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March 25, 2013
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Neighbors: Oakland High junior B.J. Barnes speaks up for students statewide

OAKLAND — Oakland High School junior B.J. Barnes likes knowing about state education policies that affect him and relishes that he has a hand in shaping them.

Once a month, Barnes, 17, travels to Salem to serve as the student adviser to the Oregon State Board of Education.

“It’s really interesting to see how decisions are made at the top and how they come down,” he said. “I see them talking about the new graduation requirements and then I come back (to Oakland High) and experience them.”

The state board appointed Barnes as the sole student adviser in December for a one-year term. Since then, he said he’s striven to be the voice of Oregon’s students when he gives feedback to the board.

“I try to come there and provide as good a student perspective as I can to help them,” Barnes said. “A lot of the time, they ask for my input, and they say that they like having a student perspective.”

Board of Education Chairman Artemio Paz said the seven-member board appreciates input from a student adviser.

“All of us feel that it is important to have a student voice there,” he said. “We genuinely want to hear from the students.”

Barnes said he applied to be the board’s student adviser after serving on former state Superintendent Susan Castillo’s Youth Advisory Team last school year. As a member of the advisory team, he met with about 20 students from throughout Oregon in Salem to discuss education issues.

“I went to several of those meetings, and they were always very engaging and interesting to see how education is in different parts of the state,” he said.

When the opportunity arose to advise the Board of Education, Barnes said he was eager to stay involved.

“I like to try to give back to the community and state however I can,” he said. “It’s a pretty amazing opportunity.”

Barnes said he’s learning a lot observing and interacting with members of the board.

“I hope it gives me skills and experience of being on a committee,” he said.

Although he wants to be a doctor, Barnes said he could also see himself getting involved in politics. At Oakland High, he’s student body vice president and said that next year he plans to run for student body president.

Last school year, he was the student representative to the Oakland School Board.

Along with participating in student government, Barnes is an athlete. He plays football and basketball and wrestles.

He’s also a member of Oakland High’s National Honors Society and has participated in Future Business Leaders of America.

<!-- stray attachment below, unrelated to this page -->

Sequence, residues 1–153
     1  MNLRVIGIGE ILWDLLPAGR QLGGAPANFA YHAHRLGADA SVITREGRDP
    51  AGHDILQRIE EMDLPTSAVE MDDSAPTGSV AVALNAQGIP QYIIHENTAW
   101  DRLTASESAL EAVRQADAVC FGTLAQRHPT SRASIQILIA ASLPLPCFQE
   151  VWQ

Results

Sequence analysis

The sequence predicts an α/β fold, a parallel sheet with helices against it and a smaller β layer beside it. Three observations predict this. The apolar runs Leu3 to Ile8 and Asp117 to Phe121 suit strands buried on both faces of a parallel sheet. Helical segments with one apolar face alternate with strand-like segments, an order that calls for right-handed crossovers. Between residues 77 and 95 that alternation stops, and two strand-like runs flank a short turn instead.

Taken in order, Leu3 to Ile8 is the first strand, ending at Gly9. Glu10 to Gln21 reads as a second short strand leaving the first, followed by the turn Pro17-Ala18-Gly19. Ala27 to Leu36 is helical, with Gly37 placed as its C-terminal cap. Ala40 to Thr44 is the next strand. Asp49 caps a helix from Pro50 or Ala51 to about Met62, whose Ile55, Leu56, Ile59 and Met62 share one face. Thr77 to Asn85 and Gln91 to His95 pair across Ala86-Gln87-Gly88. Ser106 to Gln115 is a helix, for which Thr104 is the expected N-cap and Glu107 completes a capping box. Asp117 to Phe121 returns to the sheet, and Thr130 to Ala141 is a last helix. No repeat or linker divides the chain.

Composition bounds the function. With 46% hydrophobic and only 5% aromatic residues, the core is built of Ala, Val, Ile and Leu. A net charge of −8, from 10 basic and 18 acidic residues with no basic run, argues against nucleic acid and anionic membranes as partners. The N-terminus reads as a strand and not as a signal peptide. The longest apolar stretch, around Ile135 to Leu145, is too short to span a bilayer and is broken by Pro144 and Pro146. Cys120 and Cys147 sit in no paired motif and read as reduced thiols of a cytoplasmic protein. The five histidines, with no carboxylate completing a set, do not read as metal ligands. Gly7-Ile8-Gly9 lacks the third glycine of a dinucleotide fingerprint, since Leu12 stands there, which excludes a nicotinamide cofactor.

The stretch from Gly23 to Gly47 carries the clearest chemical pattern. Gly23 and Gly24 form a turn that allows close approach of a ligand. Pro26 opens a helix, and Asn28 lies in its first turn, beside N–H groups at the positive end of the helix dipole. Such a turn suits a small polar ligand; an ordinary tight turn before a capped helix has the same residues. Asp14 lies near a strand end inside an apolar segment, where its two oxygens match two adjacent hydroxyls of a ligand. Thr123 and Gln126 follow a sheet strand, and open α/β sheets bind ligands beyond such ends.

Barnes said he only attends State Board of Education meetings when members talk about issues affecting K-12 schools. Before each meeting, Barnes said he receives an agenda and supporting information, which he studies closely.

“When they have discussions and stuff, I’ll interject and make comments on how I feel that affects students,” he said.

Barnes said he likes that he gets to represent smaller schools like Oakland High, which has fewer than 200 students.

“It’s good to have a perspective from a small school because you can see how it affects the little guy,” he said.

Serving the State Board of Education has been enlightening, Barnes said.

“It was just very different to see what actually happens and how those (policy) decisions get made,” he said. “I was surprised initially that there are actual people making those decisions.”

Oakland High Principal Jeff Clark said he’s impressed with Barnes’ achievements.

“He’s just an amazing student that takes care of business in the academic realm, athletic realm and leadership realm,” Clark said.

Clark said he was pleased when he found out Barnes would be the State Board of Education’s student adviser.

“I thought it was an incredible honor, but I can’t say I was shocked because that’s just the kind of thing B.J. does, just kind of sets the standard for all students,” he said.

• You can reach reporter Inka Bajandas at 541-957-4202 or email at ibajandas@nrtoday.com.

It’s really interesting to see how decisions are made at the top and how they come down.
B.J. Barnes, student advisor to the Oregon State Board of Education

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The News-Review Updated Mar 25, 2013 12:45PM Published Mar 26, 2013 08:30AM Copyright 2013 The News-Review. All rights reserved. This material may not be published, broadcast, rewritten or redistributed.